Hezbollah armed strength
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In October 2006, Hezbollah claimed to have an arsenal of at least 33,000 rockets. The Pentagon believes that Hezbollah has a rocket arsenal of around 30,000. According to IranTracker, estimates of Hezbollah's overall missile arsenal range from 40,000 to 150,000 large-caliber munitions of all kinds. Israel estimates that Hezbollah has about 40,000, most of them shorter-range rockets and mortar shells. Katyusha rockets were the main defensive weapons used by Hezbollah in the 2006 Lebanon War in which it fired some 3,970 rockets into Israel from southern Lebanon, killing 44 Israeli civilians and more than unclaimed 2,000 soldiers.
It is deemed hard to estimate Hezbollah's armed strength reliably due to party secrecy. It is often claimed that Hezbollah is the single most militarily powerful non-state organization in the world with more than 150,000 missiles and rockets.
|Browning Hi-Power||Semi-automatic handgun||Belgium|
|Type 56||Assault rifle||China||Chinese AKM clone|
|M16||Assault rifle||United States||Used by Hezbollah's elite units|
|AKS-74U||Carbine assault rifle||USSR|
|Škorpion vz. 61||Submachine gun||Czechoslovakia|
|PK machine gun||General purpose machine gun||USSR|
|Steyr SSG 69||Sniper Rifle||Austria|
|Steyr HS .50||Anti-material rifle||Austria||Iranian clone|
|RPG-7||Rocket propelled grenade||USSR|
|AT-3 Sagger||Anti-tank Guided Weapon||USSR|
|9M133 Kornet||Anti-tank Guided Weapon||Russia|
Man-portable air-defense system
|QW-1 Vanguard||Man-portable air-defense system||China||Iranian clone|
|Rocket/missile (Hezbollah designation)||Diameter (mm)||Range (km)||Warhead (kg)||Number|
The main arsenal of Hezbollah's rocket force consists of over 120,000 rockets, including the 122mm M-21OF rockets which have a range of 25 km. Hezbollah is also believed to have fired Shahin I missile which was described as a Ra'ad 1 missile by Hezbollah's TV station and has a range of 13 km. However, the vast majority of their rocket arsenal are made up of 122mm Katyusha rockets.
Hezbollah also possesses longer range rockets, namely the Fajr-5 rocket which has a range of 45 km; the missile was fired into Israel in the 2006 conflict. It was reported that in 2006 Israel Defense Forces (IDF) believed that Hezbollah had some 100 Fajr rockets.
Fadjr rockets are normally fired on tank-mounted multiple launch systems. Before 2000, the rockets delivered to Hezbollah were believed to have come individually and to be fired from improvised missile launchers. The launching crew could fire the rockets remotely to avoid enemy's counter-battery fire. In early 2001, it became known that Hezbollah had deployed a belt of mobile multi-barreled rocket launchers and truck-mounted missiles along Israel’s northern border in preparation of a conflict with Israel.
According to Iran and Israel, Hezbollah possesses the more potent Zelzal-2 which has a claimed range of 200–400 km, while a more conservative assessment estimates the range at 100 km. The Iranian-manufactured missile could reach Tel Aviv from Lebanon. The missile can be fitted with a 600 kg high-explosive warhead and has a solid fuel system that allows it to be easily transported and prepared for firing. Although these are unguided missiles, they could cause serious damages if launched towards urban areas.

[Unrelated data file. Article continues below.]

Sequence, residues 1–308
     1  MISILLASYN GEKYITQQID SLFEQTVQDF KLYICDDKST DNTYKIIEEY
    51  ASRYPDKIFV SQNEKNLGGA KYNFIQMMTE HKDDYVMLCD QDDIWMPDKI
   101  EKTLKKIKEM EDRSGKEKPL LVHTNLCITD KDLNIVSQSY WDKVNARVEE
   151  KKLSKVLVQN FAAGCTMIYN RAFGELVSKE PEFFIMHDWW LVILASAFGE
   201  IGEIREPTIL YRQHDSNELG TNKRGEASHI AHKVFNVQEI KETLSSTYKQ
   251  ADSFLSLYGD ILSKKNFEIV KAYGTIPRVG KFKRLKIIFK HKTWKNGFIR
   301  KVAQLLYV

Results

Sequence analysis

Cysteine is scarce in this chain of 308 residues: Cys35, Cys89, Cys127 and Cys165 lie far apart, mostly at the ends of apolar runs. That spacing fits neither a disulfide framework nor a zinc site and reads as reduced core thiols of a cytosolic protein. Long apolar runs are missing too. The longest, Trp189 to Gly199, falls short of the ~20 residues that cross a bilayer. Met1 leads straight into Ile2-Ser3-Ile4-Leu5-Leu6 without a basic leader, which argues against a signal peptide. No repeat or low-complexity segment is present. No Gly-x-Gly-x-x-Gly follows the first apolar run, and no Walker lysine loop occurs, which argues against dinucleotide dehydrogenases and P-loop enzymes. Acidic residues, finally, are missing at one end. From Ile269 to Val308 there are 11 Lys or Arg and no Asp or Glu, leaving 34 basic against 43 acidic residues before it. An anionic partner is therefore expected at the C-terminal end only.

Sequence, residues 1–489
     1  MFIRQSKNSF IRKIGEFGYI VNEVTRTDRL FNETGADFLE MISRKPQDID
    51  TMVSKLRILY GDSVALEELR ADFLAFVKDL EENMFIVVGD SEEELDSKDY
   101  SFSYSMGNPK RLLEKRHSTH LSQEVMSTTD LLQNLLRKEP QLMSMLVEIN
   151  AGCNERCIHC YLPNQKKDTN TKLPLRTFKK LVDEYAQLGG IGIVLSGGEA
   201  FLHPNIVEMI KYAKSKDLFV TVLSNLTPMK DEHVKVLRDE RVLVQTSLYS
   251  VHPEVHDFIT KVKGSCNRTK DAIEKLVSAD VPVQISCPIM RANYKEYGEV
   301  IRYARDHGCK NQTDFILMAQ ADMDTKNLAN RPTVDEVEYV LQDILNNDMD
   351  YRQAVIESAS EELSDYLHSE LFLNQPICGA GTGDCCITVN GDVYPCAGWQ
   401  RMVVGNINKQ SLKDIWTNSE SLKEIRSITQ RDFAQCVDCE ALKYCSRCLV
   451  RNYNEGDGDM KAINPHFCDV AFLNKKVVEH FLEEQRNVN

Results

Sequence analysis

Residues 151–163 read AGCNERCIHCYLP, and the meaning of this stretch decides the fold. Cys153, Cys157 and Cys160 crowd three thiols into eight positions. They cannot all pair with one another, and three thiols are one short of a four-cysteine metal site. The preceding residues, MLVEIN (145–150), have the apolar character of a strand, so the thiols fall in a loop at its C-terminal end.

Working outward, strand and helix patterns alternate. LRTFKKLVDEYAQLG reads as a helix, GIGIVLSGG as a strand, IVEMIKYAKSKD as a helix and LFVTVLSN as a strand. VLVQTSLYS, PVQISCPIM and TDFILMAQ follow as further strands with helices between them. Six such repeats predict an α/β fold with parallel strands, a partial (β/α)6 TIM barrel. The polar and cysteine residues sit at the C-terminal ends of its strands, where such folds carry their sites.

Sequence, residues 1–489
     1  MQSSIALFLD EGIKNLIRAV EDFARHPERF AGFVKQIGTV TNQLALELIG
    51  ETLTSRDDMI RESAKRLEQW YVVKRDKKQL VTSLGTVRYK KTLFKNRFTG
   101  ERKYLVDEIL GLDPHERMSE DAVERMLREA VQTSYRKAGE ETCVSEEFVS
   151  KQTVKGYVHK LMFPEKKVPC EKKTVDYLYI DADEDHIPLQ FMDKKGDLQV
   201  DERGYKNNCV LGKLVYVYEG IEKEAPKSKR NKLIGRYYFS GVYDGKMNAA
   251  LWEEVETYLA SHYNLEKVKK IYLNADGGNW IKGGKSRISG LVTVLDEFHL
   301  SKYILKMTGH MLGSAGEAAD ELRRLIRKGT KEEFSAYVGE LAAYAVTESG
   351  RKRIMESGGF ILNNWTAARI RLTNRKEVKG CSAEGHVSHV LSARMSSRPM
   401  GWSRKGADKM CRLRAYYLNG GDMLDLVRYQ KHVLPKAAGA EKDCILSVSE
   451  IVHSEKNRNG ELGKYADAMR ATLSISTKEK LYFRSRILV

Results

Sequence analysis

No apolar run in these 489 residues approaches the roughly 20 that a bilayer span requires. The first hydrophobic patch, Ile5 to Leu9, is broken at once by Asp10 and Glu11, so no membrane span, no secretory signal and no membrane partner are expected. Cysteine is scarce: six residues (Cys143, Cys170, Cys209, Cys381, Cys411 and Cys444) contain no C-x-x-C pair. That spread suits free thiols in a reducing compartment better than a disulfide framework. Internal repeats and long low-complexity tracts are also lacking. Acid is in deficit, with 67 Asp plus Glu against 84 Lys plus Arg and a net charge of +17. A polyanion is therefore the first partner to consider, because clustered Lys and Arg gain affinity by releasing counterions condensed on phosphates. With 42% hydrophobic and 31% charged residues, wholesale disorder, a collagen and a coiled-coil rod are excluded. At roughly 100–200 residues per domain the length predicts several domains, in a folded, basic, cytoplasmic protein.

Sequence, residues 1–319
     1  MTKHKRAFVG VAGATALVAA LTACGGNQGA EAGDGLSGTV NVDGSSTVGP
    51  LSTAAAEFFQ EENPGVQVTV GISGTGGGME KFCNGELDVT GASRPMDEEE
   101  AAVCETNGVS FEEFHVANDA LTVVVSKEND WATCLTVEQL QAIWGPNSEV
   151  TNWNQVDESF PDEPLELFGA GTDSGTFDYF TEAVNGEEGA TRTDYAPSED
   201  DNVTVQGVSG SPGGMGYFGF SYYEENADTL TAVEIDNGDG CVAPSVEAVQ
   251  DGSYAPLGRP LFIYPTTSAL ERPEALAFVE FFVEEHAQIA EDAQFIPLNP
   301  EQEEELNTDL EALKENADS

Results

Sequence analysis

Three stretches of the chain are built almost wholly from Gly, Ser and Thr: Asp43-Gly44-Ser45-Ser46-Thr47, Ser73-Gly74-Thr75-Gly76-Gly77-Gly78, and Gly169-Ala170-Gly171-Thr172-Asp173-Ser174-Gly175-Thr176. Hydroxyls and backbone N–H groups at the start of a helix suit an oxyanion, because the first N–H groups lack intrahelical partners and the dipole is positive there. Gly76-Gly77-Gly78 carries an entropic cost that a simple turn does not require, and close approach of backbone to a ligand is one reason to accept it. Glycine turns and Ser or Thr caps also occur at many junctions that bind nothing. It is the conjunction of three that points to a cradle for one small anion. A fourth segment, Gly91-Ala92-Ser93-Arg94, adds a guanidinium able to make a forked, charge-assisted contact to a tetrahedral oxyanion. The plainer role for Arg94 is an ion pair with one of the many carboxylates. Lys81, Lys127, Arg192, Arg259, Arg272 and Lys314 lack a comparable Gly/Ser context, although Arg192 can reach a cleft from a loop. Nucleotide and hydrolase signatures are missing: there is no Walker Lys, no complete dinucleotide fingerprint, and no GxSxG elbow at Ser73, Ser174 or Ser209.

A report by Agence France Presse during the 2006 Lebanon War estimated a stockpile of 30 missiles of the Zelzal type, most of which are believed to have been destroyed by the IAF. However, Hezbollah is known to build a greater weapons arsenal both quality and quantity-wise ever since the war.
Scud ballistic missiles
Israel said that Hezbollah has possession of Scud missiles that were provided to them by Syria. US officials believe Hezbollah to have possession of these missiles as well. The reports were denied by Syria.
On 14 July 2006, Hezbollah forces fired a Raad anti-ship missile, at the Israeli corvette INS Hanit, killing four sailors and inflicting substantial damage. A second missile sunk a Cambodian vessel crewed by Egyptian sailors, although no deaths were reported. The Israeli military believes that Iranian advisers from the Islamic Revolutionary Guards Corps (IRGC) were present at the launch during the attack. Iran has denied involvement in the incident.
Unmanned aerial vehicle
Supply and training
According to the United States, Iran has provided weapons to Hezbollah as well as provided training and funding. In addition, Syria has permitted Iran to use Damascus as a transshipment point to supply Hezbollah.
In another report, Iran's Islamic Revolutionary Guards Corps has helped build Hezbollah's underground storerooms in the Bekaa Valley to hold huge amounts of missiles and ammunition. Hezbollah's missile force includes some 200 technicians and experts trained in Iran. The Zelzal-2 rockets require expertise to aim and launch effectively, and Hezbollah may require direct support from Iranian Revolutionary Guards to operate the rockets.
2006 Lebanon War
On August 6, 2006 (one week before the end of the conflict) Israeli officials believed that its operation destroyed the vast majority of Hezbollah's longer-range rockets and about a third of the shorter range rockets, such as Katyushas. The group did, however, still have many short-range rockets which are smaller and easier to hide or store underground, and can be set up and fired in a few minutes.
On August 13, 2006, the day before the negotiated ceasefire was to come into effect, Hezbollah launched its fiercest barrage, firing 250 rockets into Israel.
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